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Deploying a Spring Boot Application to Bluemix in 20 Minutes via Docker

Everyone loves Spring, and creating cloud-ready applications with the framework is pretty simple

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I really want to learn more about the Java framework Spring. The simplicity to build enterprise applications together with Spring's momentum makes it really interesting. So I started with a simple tutorial and deployed that Spring application to Bluemix

Spring provides a simple hello world Spring Boot with Docker tutorial with a Spring Boot application with one REST API. Maven and Gradle can be used, not only to build the Java application but also a Docker image which can be deployed to Bluemix. 

The Spring tutorial states that you need 15 minutes for the tutorial. In my case that was true since I had the prerequisites JDK 1.8, Maven and Docker already installed. For the deployment of the application you don't need more than 5 additional minutes. 

I won't repeat all the steps from the Spring tutorial here, but essentially this is what you need to do: 

- Clone a Github project. Use the 'complete' version of the application 

- Build the project via Maven or Gradle 

- Optional: Run the application locally: Run the built jar file which comes with Tomcat and your application 

- Build the Docker image via Maven or Gradle plugins 

The tutorial describes how to push the image to Docker Hub (via "docker push springio/gs-spring-boot-docker"). To push the image to Bluemix follow the next steps instead. 

> cf login 

> cf ic login 

> docker tag springio/gs-spring-boot-docker registry.ng.bluemix.net/nheidloff/gs-spring-boot-docker <- change the namespace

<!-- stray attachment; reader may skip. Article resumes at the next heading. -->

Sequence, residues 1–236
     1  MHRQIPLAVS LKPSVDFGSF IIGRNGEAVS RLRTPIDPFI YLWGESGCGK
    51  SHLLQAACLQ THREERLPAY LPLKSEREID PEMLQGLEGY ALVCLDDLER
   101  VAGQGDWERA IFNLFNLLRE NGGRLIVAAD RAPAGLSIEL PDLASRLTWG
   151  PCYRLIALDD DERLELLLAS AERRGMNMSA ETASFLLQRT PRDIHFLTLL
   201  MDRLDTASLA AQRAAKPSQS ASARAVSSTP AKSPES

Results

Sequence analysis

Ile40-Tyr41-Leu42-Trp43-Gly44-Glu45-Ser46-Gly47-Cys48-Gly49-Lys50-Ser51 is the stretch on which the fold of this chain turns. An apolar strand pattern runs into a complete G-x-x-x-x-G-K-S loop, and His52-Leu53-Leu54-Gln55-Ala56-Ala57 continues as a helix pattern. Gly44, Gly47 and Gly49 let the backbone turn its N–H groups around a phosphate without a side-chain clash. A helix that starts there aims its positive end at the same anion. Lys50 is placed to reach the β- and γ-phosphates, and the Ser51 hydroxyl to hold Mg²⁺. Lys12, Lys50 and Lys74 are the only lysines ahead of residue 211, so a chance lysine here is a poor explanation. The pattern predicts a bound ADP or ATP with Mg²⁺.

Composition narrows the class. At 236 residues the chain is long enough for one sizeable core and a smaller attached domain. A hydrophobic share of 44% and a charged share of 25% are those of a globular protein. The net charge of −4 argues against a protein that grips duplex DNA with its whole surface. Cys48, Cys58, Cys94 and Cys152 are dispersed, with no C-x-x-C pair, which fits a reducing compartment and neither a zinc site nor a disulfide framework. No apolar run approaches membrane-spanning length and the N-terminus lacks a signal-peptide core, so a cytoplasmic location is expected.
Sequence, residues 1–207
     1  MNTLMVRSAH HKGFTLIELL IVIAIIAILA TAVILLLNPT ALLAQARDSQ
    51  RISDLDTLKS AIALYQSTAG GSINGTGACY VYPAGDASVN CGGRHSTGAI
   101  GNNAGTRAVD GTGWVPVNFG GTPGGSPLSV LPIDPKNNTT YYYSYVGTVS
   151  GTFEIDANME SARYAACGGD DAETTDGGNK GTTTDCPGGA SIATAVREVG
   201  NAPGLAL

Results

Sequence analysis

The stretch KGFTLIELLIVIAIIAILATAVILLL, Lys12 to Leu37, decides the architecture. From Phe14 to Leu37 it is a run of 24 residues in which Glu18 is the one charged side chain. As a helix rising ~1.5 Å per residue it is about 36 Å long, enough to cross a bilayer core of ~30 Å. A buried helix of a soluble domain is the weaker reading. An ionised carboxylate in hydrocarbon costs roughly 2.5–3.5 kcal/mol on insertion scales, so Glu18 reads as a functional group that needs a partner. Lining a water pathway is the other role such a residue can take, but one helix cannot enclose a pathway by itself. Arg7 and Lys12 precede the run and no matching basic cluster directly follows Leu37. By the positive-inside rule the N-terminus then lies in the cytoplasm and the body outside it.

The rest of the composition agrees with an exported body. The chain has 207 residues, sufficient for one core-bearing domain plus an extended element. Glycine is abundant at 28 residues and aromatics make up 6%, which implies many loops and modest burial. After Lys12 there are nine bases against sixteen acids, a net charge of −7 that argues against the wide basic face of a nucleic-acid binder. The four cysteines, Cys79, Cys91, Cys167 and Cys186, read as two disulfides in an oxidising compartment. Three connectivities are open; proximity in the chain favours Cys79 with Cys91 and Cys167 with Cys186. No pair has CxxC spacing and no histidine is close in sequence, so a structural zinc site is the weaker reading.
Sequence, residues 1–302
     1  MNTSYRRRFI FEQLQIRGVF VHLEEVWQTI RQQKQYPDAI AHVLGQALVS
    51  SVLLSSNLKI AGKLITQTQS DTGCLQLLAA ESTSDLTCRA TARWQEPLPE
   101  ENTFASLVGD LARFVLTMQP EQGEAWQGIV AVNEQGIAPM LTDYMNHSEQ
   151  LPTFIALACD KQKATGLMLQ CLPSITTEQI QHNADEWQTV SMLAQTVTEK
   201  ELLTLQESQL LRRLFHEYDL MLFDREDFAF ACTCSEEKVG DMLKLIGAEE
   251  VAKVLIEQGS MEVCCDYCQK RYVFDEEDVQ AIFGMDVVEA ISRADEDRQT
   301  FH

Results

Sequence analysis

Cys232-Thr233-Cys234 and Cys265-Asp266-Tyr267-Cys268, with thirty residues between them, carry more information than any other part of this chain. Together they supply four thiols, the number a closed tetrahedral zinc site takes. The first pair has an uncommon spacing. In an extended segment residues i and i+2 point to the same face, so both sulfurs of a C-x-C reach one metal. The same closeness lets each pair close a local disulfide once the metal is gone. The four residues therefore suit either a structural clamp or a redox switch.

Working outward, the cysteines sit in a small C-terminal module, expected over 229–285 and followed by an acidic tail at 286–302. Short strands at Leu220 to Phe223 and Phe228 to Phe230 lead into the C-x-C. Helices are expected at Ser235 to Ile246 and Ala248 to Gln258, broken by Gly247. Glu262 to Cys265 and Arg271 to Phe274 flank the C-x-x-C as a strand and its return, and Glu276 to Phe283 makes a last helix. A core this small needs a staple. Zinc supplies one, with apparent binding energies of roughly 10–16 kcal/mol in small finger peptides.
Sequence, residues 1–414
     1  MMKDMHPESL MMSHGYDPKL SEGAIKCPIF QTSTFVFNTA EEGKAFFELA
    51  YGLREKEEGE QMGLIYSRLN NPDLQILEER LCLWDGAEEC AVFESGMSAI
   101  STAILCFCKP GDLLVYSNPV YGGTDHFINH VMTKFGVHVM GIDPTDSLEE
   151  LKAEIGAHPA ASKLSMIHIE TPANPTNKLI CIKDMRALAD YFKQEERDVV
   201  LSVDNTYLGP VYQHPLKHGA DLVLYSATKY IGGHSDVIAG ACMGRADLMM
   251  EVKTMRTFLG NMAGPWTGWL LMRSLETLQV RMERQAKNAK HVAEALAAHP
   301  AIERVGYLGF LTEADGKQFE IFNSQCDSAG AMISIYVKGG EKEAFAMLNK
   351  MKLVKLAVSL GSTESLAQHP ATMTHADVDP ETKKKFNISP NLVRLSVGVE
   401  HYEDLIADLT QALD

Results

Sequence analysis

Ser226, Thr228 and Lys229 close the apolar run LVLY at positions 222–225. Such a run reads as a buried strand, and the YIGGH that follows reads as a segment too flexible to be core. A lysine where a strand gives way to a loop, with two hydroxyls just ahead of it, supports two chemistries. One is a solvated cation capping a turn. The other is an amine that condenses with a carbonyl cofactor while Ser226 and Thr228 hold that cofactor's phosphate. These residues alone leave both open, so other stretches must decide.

> docker push registry.ng.bluemix.net/nheidloff/gs-spring-boot-docker <- change the namespace 

After this you'll see the image on Bluemix. 

In order to run a container invoke these commands: 

> cf ic run --name gs-spring-boot-docker -p 8080:8080 -d -t registry.ng.bluemix.net/nheidloff/gs-spring-boot-docker <- change the namespace 

> cf ic ip request 

> cf ic ip list -a 

> cf ic ip bind gs-spring-boot-docker <- change the IP 

Alternatively you can use the Bluemix UI to create a container. Choose the new image, define the port 8080 and bind an IP address. 

Open the application in a web browser via yourIP:8080.

The Cloud Zone is brought to you in partnership with Internap. Read Bare-Metal Cloud 101 to learn about bare-metal cloud and how it has emerged as a way to complement virtualized services.

spring ,bluemix ,docker

Published at DZone with permission of Niklas Heidloff, DZone MVB. See the original article here.

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